East Asia Econ

Welcome

Welcome to EAST ASIA ECON, a research service run from Taipei by Paul Cavey, and specializing in the markets and macro of China, Japan, Korea, and Taiwan.

We cover all the major data releases, as well as providing weekly and monthly summaries. We also devote a lot of time to thematic work, aiming to understand development patterns across the region, and to find common investment themes.

The analysis is founded on an on-the-ground knowledge gained from thirty years experience living, travelling and working in the region. We also have a very strong data infrastructure, built by directly accessing official sources, and made available to subscribers via a comprehensive range of interactive charts and a data app.

We don't think you'll find coverage that is as comprehensive and rounded anywhere else. The articles and charts below give a flavor of the work we are doing. There is a lot more on the home pages of the individual economies.

Signing up here will ensure you receive occassional emails that give you a taste of what we do. If you work in a financial institution and are interested in subscribing to our full service, please get in touch for a trial. Special access is also available for academics.

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Japan – mixed underlying inflation

Japan – mixed underlying inflation

The April national CPI data only have incomplete hints of the transition the BOJ expects to domestically driven inflation. The more obvious trends for now remain renewed JPY weakness and labour market tightness.

3 min read

China – is that it for the export pause?

China – is that it for the export pause?

So far, the much-discussed rise in China's competitiveness has been most obvious in import substitution. With the export cycle now recovering, it is likely this year to also be seen in a renewed increase in China's global market share.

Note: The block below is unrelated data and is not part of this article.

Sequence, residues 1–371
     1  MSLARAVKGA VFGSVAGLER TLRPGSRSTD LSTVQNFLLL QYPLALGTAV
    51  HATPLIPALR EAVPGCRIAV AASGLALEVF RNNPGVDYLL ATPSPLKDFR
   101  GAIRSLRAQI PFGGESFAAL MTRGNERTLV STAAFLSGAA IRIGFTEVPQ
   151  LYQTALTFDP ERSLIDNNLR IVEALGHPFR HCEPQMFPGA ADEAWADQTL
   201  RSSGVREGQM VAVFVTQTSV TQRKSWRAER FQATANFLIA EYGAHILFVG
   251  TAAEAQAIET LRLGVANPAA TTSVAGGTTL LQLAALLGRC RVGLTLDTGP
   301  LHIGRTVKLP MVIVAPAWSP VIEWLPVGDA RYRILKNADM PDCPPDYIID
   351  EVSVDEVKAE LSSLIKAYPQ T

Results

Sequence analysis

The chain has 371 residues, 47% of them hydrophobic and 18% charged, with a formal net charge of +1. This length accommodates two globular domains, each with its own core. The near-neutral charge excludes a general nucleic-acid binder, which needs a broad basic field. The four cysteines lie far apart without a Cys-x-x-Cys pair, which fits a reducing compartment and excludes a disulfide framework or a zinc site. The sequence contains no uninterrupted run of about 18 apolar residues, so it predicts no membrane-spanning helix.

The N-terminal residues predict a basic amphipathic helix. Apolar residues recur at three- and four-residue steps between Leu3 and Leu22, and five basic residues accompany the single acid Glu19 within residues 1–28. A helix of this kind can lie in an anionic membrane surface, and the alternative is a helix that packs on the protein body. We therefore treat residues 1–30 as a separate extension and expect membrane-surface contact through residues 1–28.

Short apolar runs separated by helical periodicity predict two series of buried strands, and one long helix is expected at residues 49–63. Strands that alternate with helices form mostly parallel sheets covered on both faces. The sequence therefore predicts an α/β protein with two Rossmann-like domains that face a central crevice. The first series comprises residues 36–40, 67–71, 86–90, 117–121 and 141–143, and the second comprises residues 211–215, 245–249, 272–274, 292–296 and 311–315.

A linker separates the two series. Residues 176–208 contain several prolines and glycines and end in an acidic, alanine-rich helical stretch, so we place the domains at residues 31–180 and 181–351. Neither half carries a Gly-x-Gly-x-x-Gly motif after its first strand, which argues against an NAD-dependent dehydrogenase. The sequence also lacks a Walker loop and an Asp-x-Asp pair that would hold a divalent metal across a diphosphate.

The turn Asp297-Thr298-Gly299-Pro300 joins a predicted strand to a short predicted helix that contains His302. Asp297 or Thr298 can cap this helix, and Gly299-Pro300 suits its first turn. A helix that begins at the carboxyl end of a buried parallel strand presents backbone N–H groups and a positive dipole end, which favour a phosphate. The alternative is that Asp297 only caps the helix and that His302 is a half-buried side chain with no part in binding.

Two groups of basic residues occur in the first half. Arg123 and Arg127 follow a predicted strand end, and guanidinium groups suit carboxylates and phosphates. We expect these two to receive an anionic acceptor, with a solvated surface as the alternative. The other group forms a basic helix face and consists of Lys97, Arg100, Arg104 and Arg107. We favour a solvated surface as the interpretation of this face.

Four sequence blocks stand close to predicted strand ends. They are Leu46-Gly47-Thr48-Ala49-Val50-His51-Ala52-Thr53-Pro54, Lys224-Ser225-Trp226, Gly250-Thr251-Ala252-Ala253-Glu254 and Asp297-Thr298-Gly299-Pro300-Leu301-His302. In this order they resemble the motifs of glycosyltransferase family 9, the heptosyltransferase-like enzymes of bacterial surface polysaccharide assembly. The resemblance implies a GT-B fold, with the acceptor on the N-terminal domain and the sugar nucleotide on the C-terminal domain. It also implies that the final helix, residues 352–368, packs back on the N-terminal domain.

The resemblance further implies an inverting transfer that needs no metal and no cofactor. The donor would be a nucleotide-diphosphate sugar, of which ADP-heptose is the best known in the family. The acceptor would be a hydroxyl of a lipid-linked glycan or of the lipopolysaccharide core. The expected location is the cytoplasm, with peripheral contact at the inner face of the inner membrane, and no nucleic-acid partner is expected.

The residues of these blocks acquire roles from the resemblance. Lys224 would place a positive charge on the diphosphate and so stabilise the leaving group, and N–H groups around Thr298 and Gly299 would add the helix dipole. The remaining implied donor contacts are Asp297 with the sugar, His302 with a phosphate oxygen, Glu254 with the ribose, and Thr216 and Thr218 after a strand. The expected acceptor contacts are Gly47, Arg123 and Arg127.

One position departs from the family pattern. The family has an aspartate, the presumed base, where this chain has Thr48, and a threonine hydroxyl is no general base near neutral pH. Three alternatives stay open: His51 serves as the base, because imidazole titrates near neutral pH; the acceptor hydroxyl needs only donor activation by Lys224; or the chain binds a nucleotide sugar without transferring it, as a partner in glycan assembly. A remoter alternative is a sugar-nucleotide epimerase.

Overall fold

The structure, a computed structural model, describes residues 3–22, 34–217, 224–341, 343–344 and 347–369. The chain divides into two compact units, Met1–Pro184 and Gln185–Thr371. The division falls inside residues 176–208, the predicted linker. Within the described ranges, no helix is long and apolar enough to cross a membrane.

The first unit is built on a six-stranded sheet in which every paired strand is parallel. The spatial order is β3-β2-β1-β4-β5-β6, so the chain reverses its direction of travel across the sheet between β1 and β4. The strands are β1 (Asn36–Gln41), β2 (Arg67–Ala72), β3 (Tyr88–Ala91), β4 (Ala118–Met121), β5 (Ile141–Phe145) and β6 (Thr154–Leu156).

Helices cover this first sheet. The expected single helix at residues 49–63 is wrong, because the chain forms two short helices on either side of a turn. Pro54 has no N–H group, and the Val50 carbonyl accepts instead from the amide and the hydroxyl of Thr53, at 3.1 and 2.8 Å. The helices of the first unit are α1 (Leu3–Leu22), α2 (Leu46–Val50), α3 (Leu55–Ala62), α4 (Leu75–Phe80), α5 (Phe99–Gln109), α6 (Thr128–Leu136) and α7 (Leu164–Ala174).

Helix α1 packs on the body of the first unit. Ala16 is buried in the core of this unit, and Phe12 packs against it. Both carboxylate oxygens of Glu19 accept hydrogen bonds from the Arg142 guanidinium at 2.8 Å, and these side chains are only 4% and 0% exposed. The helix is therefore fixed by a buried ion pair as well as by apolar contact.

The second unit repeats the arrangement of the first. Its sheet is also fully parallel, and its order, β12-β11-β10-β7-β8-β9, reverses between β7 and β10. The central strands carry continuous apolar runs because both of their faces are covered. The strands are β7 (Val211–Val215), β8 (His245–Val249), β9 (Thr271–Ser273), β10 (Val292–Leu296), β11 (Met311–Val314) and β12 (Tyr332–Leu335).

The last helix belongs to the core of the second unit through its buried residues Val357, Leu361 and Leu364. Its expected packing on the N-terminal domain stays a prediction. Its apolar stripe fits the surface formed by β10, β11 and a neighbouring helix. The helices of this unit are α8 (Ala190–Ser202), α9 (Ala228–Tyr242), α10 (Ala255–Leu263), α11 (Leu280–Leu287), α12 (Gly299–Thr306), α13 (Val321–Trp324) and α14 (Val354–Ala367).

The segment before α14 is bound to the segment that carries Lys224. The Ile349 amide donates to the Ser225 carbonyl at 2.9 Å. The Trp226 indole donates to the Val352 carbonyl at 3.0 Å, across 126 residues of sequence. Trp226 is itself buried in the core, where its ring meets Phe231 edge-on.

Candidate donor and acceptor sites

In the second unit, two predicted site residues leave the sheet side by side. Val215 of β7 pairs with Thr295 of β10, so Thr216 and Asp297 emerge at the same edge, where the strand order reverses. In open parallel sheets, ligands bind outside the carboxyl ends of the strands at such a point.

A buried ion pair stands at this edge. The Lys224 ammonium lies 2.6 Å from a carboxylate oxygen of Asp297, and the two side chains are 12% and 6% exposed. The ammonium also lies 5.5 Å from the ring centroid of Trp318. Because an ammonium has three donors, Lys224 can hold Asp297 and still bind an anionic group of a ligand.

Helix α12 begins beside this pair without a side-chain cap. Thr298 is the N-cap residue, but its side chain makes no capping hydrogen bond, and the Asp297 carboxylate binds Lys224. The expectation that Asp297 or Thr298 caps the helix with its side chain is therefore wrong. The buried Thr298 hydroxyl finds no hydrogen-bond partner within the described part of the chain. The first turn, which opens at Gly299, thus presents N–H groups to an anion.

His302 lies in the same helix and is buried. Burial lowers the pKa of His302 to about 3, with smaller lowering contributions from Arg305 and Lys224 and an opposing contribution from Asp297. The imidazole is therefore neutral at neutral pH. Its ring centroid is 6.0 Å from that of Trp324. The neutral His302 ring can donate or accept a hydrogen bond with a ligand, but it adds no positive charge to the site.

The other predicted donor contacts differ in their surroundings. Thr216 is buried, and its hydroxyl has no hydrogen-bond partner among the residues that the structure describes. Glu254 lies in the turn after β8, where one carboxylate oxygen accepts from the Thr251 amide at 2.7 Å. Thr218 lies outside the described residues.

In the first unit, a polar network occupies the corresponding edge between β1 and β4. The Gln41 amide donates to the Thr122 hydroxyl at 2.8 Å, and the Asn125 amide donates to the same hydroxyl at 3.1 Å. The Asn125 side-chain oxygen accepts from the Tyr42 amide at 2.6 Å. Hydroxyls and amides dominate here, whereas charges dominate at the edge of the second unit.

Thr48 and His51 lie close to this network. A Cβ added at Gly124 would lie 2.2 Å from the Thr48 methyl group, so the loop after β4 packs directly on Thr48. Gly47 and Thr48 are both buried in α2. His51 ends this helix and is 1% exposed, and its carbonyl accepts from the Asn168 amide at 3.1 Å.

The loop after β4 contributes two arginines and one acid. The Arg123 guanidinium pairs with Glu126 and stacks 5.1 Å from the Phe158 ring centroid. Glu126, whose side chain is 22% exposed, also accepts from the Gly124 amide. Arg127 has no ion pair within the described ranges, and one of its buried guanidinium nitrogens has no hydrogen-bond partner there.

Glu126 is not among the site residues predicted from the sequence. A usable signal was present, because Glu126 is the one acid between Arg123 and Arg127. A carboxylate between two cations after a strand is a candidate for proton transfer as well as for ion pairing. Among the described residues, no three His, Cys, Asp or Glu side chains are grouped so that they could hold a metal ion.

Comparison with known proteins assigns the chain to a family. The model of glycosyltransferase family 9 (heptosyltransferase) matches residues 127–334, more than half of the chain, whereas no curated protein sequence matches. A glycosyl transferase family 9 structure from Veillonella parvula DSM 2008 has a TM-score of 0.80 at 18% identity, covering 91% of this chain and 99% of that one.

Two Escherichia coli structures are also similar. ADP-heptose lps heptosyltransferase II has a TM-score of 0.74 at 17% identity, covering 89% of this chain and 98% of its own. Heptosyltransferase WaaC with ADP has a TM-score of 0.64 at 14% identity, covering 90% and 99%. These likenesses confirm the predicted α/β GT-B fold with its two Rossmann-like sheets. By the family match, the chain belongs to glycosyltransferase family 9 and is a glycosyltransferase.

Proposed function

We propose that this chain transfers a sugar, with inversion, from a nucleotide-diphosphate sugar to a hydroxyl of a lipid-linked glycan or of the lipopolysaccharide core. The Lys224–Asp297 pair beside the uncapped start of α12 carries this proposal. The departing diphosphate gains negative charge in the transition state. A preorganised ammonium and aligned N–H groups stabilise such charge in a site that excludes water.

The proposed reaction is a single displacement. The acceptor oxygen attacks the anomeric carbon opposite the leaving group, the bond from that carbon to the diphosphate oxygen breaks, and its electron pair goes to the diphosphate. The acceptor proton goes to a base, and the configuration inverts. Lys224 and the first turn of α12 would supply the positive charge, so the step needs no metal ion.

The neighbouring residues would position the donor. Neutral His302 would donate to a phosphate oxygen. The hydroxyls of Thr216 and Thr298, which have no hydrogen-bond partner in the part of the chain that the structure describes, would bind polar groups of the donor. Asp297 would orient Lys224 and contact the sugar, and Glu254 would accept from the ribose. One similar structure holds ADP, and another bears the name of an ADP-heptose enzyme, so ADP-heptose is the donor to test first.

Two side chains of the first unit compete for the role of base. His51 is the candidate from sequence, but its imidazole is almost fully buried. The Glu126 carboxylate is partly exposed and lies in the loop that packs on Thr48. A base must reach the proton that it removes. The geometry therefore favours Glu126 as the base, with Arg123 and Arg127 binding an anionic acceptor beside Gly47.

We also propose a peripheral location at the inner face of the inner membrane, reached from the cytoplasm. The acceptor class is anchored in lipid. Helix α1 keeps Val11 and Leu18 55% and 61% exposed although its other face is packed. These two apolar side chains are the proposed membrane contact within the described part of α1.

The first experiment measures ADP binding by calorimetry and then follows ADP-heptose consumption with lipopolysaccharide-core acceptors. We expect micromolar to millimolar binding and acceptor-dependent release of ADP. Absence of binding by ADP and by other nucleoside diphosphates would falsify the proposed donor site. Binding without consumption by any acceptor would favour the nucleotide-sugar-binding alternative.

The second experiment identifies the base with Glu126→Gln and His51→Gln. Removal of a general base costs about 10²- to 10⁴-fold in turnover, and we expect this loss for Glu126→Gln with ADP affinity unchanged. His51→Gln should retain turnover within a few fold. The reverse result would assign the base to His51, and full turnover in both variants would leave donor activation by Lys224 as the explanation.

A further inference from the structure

6 min read

Korea – no surprises from the BOK

Korea – no surprises from the BOK

No surprises today from the BOK: it still wants to see inflation come down further. But it was important that the bank once again highlighted upside risks to inflation from "exchange rate volatility".

1 min read

Korea – patchy cycle, still no cut

Korea – patchy cycle, still no cut

This week's consumer and business surveys show recovering exports, weak domestic sentiment, but firm headline inflation. The BOK is unlikely to shift policy.

4 min read

China – the buyers' strike in property

China – the buyers' strike in property

Friday's funding for buying inventories looks small. But with falling price expectations leading to a buyers' strike, it is a step in the right direction. This buyers' strike has cut construction. By keeping savings in the banks, it has lifted the S-I and CA surplus, and lowered velocity and CPI.

6 min read

Last week, next week

Last week, next week

A summary of what happened on East Asia Econ last week, and what to look for in the next seven days.

4 min read

China – property down yet again

China – property down yet again

Property remains in a deep funk, and while the government talks confidently about a successful transition to new growth engines, all the policy action indicates increasing concern that real estate remains so weak.

3 min read

Korea – no change in the labour market

Korea – no change in the labour market

Headline developments in the labour market are consistent with the BOK's outlook for a moderation in tightness. However, the big structural changes – such as the rise in female part rate – mean these headline developments don't tell the whole story.

2 min read

Japan – consumption drags down GDP again

Japan – consumption drags down GDP again

GDP contracted again in Q1. The big driver remains the weakness of consumption, dragged down by the weak JPY and inflation eating into real incomes. Partly as a result, it seems to us that the BOJ is signalling it will raise rates more than the market currently thinks.

2 min read

China – slide pack

China – slide pack

A chart pack laying out our views on China. We argue that deflation is more cyclical than structural; consumption and services have recovered; and that property inventory policy would mean real upside risk.

4 min read

Last week, next week

Last week, next week

A summary of what happened on East Asia Econ last week, and what to look for in the next seven days.

6 min read

China – first-ever drop in M1

China – first-ever drop in M1

The fall in credit in April, while unprecedented, can be argued away as reflecting a temporary shortfall in official bond issuance. It is more difficult to dismiss the equally unprecedented drop in M1 in the same way.

4 min read

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